Opponents of an Ohio bill banning abortions at the first detectable fetal heartbeat told senators Tuesday the measure is unconstitutional, radical and cruel and would effectively ban abortion in the state.
Interested parties, including clergy members and doctors, also spoke to a committee considering what's referred to as the "heartbeat bill," which would give Ohio the most stringent abortion limit in the nation.
Kellie Copeland, executive director of NARAL Pro-Choice Ohio, called the bill an outrageous piece of legislation that "aims to roll back the right to privacy and virtually eliminate a woman's right to choose."
"This radical ban would outlaw abortion at a point in pregnancy when many women do not yet realize they are pregnant. This measure would virtually eliminate access to legal abortion in Ohio," Copeland said in a statement prepared for the hearing. "It does not even provide exceptions for survivors of rape or incest, to protect the pregnant woman's health or in cases of fatal fetal anomalies."
Dozens filled hallways and the hearing room to protest the bill during what was the measure's second hearing. Many wore pink to contrast themselves with proponents, who wear red to represent hearts.
Carla Sokol, a 42-year-old entrepreneur from Upper Arlington, was among the pink-shirted opponents.
"It's too strict. Just leave women's rights alone, that's my stance," she said. "I think we're bright enough to make our own decisions."
After sitting idle for months, the bill debuted in the Senate last week, when proponents testified. Committee and floor votes could come this week. A third hearing is scheduled for Wednesday.
Any Senate changes would need approval from the Ohio House, which passed the bill this spring.
Gary Dougherty, state legislative director of Planned Parenthood Affiliates of Ohio, called the bill cruel and asked legislators to reject it and instead focus on a Senate bill aimed at preventing unwanted pregnancies. He also called on them to focus on fixing Ohio's economy and creating more jobs.
"Ohio Senators should take notice: Women are watching this waste of time and money that is making a bad situation worse for Ohio women and families," he said in a statement prepared for the hearing.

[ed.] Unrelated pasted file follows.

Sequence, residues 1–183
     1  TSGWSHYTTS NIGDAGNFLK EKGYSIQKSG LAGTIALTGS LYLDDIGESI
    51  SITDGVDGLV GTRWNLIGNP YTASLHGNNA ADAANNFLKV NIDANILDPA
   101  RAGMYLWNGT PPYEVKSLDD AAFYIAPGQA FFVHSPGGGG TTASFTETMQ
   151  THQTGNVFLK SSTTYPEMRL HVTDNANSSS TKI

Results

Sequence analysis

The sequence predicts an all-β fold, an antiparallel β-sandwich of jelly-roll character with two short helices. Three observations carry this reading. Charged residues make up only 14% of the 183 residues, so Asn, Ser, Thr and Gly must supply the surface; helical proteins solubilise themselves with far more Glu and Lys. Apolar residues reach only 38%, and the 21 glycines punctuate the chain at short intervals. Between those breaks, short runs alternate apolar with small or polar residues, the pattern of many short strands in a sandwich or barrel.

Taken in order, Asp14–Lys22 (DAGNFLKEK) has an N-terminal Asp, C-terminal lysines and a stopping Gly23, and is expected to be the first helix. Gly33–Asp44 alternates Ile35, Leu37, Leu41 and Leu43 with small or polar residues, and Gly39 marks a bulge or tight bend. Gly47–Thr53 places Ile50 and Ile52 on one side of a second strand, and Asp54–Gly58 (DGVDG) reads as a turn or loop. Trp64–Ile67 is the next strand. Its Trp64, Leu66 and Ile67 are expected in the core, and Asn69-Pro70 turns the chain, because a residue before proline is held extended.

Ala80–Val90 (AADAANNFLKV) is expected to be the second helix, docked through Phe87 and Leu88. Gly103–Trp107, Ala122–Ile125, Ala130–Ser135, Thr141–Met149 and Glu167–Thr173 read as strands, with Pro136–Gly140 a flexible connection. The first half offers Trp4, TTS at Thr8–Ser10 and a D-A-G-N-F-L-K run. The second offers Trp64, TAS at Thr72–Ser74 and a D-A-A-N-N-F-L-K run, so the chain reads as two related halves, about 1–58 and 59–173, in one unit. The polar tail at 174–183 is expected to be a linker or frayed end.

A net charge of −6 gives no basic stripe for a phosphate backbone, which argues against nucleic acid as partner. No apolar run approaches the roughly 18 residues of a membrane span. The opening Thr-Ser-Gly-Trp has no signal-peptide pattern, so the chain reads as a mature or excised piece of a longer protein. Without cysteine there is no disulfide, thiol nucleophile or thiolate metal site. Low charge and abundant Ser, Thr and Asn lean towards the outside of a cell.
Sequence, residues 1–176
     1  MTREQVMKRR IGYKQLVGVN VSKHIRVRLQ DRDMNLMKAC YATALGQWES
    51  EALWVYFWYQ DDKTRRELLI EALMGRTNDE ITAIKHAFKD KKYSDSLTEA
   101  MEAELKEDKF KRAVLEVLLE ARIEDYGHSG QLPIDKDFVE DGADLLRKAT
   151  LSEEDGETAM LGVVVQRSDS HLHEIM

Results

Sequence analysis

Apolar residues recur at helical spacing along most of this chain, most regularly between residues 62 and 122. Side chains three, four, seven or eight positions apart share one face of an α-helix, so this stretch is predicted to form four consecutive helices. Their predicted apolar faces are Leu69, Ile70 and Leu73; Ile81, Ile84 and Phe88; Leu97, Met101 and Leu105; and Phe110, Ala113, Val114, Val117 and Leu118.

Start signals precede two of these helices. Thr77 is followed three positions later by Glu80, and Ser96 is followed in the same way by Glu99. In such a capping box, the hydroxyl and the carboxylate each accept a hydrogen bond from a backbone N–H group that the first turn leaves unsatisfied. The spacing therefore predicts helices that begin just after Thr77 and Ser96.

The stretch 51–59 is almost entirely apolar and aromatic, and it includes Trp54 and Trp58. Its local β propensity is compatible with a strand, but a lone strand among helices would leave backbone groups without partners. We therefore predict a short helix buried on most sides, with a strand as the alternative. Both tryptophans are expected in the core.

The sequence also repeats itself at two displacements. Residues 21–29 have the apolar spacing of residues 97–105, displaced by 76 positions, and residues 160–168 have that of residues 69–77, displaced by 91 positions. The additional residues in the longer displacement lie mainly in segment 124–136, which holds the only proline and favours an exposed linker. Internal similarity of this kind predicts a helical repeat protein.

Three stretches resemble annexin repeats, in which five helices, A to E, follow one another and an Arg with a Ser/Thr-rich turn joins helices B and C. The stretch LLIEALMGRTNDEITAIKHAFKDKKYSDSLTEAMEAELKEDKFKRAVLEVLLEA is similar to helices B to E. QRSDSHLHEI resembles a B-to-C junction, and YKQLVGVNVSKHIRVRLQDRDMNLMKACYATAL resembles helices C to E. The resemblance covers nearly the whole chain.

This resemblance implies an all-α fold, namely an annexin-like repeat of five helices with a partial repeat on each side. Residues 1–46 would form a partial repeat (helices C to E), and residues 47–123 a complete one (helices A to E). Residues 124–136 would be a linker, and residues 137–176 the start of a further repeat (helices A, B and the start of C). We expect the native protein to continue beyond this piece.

Dennis Sullivan, a physician, bioethicist and board member of Ohio Right to Life, testified that giving women the opportunity to hear or see a fetal heartbeat is essential to her making an informed choice.
Ohio Right to Life is promoting a separate bill that requires women to have the option of hearing or seeing the fetal heartbeat before an abortion takes place, but the legislation stops short of banning abortions at that point. Senators were weighing Tuesday whether to amend the bill to look more like the Right to Life version.
Faith2Action President Janet Porter, the lead promoter of the heartbeat bill, commended senators for holding hearings on the controversial bill _ and urged them in a statement not to water down the legislation.
The bill "is the best opportunity to respect and protect human life we have ever had in this state," she said. "Of course, we want to make sure we actually protect babies with beating hearts and not just tell people about them _ as some are suggesting."
Backers of the bill hope if it becomes law it would provoke a legal challenge and overturn the U.S. Supreme Court's 1973 Roe v. Wade ruling that legalized abortion in the United States.
Copeland criticized what she called "an effort to put Ohio at the center of one of our nation's most contentious and costly legal battles, one that is ill conceived given the real needs of the state at this time."
Dougherty reminded legislators that they pledged in their oaths of office to support the U.S. and state constitutions.
About 28,000 women had abortions in Ohio last year, according to the state Health Department, and Copeland said roughly one in three women has an abortion at some point in her life.
"They are the women who raise our children and who care for our elderly parents. They work in our offices and factories. They pay taxes, and they vote. They are leaders in our churches, our schools and our government," she said. "They are the backbone of our families and our state. And yet the sponsors of this bill do not trust them."
She also questioned how many women would be killed or maimed if they sought abortions without being able to turn to doctors or state-inspected clinics.
"Outlawing abortion will not make it go away," Copeland said. "My own grandmother had an illegal abortion during The Great Depression. Outlawing abortion makes it dangerous."
Associated Press Writer JoAnne Viviano contributed to this report.